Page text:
Examining the persistence of bounded spaces: remarks on regions, territories, and the practices of bordering

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This article is published as part of the Geografiska Annaler: Series B, Human Geography special issue based on the Vega symposium: ‘Bounded spaces in question: X-raying the persistence of regions and territories, edited by Anssi Paasi. ABSTRACT Regions and territories become institutionalized as part of wider geohistorical processes and practices in which these spatial entities accomplish their borders, institutions, symbolisms and normally contested identity narratives. The borders of bounded spaces are ever more topical today because of the mobilities of human beings (tourists, migrants, refugees), the rise of (ethno-)nationalism and regionalism, anti-immigration discourses and racism; features that expose the ideological significance of territories and the forms of physical and symbolic violence that are frequently embedded in borders/bordering. This essay explores the tenacity of bounded spaces in academic research and in social practices, and the meanings attached to such spaces. It will analyze how geographers and other social scientists have understood and conceptualized regional and territorial spaces and traces the evolution of the keywords in border studies. Borders are material and ideological constructs, institutions, processes and symbols that are critical in the production and reproduction of regions/territories, identities and ideologies. The article leans on author’s idea of spatial socialization and Shields’ notion of social spatialization in making sense of how the obstinate power of borders is embedded in the production and reproduction of bounded spaces and in the process of subjectification.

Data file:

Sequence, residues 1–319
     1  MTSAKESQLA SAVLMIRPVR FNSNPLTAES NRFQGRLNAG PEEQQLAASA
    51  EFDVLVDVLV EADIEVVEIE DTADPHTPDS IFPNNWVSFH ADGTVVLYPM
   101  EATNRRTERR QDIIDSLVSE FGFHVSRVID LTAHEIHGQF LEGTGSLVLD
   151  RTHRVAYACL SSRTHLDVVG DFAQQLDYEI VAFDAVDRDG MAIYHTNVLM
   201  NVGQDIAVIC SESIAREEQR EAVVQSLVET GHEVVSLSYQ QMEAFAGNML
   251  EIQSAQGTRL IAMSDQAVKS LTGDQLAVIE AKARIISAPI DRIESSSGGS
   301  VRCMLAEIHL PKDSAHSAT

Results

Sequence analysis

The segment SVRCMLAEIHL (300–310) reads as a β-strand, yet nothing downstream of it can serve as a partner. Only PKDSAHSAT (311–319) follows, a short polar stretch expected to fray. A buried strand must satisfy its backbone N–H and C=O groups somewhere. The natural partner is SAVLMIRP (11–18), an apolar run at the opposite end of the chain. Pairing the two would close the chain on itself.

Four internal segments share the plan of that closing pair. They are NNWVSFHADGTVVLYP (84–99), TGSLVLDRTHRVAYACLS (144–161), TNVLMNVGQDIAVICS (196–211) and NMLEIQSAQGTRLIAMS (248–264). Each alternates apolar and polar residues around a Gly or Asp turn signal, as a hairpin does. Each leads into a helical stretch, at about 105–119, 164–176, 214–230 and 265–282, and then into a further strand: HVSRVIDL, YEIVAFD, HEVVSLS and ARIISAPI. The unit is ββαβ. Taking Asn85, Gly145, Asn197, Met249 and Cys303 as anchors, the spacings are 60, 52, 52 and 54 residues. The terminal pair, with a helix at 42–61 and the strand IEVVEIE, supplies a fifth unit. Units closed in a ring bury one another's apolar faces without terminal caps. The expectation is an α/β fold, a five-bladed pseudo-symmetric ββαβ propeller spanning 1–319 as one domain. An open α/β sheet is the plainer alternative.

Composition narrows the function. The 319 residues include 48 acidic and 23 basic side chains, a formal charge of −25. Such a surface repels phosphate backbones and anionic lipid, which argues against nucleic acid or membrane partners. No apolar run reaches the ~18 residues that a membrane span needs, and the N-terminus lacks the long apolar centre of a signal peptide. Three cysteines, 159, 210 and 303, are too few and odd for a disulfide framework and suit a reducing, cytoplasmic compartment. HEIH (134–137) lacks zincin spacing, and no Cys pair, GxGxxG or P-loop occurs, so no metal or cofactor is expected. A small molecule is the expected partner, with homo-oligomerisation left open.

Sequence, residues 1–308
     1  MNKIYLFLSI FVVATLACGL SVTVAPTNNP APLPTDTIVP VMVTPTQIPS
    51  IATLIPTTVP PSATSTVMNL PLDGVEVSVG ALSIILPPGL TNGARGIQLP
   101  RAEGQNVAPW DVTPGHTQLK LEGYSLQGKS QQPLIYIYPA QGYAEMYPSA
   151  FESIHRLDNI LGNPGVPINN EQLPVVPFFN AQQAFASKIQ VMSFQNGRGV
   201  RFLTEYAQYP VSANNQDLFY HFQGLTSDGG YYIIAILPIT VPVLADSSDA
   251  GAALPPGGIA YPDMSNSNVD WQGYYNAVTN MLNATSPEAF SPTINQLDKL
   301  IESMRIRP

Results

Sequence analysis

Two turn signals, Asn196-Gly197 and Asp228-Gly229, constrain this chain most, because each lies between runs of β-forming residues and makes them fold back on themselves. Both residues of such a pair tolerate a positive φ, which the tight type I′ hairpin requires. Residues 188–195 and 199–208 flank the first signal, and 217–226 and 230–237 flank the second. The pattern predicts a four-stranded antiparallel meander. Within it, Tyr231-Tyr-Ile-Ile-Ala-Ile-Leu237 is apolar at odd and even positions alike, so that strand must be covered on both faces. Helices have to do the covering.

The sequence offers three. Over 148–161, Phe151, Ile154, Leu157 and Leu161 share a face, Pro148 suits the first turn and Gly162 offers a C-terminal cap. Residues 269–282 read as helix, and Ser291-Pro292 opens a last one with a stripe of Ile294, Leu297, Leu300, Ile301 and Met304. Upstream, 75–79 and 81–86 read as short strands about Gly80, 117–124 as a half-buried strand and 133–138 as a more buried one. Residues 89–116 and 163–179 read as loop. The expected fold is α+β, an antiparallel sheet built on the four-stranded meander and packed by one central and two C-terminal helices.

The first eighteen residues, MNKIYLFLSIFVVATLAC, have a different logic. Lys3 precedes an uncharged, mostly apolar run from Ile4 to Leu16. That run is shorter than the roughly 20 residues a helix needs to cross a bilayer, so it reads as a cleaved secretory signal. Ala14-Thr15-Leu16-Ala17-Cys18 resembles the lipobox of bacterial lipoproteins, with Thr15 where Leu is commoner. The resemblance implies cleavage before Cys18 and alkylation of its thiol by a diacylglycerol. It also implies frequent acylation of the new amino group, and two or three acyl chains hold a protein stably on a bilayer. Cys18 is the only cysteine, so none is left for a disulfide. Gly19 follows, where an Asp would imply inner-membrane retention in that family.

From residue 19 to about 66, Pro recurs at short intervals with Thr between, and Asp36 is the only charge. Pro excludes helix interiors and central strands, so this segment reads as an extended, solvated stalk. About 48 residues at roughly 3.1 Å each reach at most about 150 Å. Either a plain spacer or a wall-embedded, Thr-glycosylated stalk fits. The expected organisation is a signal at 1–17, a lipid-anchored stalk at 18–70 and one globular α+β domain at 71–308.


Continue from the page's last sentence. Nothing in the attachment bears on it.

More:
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Paasi, A. (2022). Examining the persistence of bounded spaces: remarks on regions, territories, and the practices of bordering. Geografiska Annaler, Series B: Human Geography, 104(1), 9–26. https://doi.org/10.1080/04353684.2021.2023320

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